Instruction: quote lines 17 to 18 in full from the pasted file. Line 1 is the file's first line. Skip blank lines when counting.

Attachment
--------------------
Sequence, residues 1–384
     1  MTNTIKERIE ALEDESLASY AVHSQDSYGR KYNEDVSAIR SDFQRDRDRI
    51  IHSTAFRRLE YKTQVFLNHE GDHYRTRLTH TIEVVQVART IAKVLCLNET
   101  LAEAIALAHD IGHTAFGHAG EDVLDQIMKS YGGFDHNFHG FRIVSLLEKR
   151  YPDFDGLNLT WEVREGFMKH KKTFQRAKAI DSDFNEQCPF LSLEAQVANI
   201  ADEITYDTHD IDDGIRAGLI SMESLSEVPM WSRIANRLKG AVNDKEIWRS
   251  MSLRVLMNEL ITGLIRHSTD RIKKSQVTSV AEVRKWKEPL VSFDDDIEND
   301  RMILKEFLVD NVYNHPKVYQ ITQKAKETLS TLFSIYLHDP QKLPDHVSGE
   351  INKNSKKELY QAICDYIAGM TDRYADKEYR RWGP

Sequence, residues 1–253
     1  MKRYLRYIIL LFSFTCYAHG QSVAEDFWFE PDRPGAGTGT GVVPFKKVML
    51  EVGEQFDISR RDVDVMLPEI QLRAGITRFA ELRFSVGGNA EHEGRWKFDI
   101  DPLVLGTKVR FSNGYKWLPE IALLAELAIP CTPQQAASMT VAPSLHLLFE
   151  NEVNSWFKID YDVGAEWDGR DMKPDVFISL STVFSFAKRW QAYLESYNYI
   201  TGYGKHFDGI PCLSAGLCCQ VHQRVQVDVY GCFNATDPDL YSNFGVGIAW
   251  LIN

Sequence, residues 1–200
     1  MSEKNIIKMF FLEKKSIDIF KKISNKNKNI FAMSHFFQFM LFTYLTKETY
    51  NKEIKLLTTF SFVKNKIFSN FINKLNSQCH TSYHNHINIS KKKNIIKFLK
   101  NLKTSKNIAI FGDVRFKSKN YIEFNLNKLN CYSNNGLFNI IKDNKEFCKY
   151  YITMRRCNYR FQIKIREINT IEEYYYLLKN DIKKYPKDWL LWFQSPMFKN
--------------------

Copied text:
Sequence, residues 1–200
     1  MSEKNIIKMF FLEKKSIDIF KKISNKNKNI FAMSHFFQFM LFTYLTKETY